It’s normal to feel nervous, worried and stressed after being diagnosed with metastatic breast cancer (MBC) or when there is a change in your treatment plan. However, if these feelings become chronic and begin to interfere with daily life, you may want to consider asking for help.
Anxiety is one of the most common psychological symptoms in people with breast cancer, and has been shown to have an impact on quality of life. In fact, of the 1,252 US MBC patients surveyed, 37% report anxiety as a contributor to lower quality of life1.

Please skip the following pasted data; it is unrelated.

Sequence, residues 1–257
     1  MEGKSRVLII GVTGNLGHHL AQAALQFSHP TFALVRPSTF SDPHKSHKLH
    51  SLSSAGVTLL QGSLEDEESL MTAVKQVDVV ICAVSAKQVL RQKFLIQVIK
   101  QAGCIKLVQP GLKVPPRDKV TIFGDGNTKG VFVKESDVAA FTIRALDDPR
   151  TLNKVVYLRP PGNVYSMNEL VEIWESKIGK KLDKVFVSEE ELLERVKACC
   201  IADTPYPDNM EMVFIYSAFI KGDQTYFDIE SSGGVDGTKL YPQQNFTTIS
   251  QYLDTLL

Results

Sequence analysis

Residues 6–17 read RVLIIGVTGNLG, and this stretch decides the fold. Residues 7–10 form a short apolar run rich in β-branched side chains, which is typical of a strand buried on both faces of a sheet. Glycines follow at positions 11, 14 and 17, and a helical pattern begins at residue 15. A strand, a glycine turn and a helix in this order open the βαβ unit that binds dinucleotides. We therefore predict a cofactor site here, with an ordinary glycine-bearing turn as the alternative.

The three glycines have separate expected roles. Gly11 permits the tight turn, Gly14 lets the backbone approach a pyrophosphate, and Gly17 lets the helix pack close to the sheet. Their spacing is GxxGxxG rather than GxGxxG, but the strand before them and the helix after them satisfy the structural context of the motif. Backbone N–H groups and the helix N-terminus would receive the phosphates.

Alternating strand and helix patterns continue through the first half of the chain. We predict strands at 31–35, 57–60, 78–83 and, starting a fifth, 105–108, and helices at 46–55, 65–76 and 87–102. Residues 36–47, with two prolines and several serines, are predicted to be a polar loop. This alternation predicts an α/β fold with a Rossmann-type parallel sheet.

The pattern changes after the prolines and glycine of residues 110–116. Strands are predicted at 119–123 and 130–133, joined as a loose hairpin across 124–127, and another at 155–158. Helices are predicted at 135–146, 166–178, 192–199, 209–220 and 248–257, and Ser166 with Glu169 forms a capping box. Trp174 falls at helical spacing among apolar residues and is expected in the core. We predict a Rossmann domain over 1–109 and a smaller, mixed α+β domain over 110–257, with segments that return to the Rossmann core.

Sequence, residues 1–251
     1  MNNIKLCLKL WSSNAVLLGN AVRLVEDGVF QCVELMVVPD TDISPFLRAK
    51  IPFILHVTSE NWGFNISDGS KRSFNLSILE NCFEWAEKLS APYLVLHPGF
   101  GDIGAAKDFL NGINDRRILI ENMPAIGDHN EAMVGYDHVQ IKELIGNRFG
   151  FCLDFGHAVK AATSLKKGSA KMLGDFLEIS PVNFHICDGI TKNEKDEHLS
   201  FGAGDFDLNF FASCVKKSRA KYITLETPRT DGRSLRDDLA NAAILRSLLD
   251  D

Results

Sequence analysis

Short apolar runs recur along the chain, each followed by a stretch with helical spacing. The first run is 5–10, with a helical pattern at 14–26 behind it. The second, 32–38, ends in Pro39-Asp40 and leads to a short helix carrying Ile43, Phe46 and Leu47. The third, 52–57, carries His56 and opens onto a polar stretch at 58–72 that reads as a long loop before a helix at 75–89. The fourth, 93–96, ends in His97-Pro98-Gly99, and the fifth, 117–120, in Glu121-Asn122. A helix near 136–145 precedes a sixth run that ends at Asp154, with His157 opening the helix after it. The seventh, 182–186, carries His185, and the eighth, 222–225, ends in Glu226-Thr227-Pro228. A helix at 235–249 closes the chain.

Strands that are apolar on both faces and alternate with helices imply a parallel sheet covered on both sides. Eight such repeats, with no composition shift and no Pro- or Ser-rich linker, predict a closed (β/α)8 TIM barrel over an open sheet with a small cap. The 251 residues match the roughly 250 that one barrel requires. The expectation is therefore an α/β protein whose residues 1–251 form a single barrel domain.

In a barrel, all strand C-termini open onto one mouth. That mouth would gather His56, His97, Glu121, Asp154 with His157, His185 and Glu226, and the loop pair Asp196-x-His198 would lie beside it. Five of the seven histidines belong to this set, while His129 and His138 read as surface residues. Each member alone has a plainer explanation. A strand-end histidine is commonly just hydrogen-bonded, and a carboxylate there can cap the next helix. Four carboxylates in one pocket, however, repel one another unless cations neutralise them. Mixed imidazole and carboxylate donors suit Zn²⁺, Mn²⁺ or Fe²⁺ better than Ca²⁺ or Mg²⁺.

The emotional burden of a MBC diagnosis can place significant strain on quality of life, and in some cases may lead to depression. There is a difference between feeling sad and being depressed, and your treatment team can help you understand and manage how you are feeling. This tip sheet offers guidance for getting the support you need.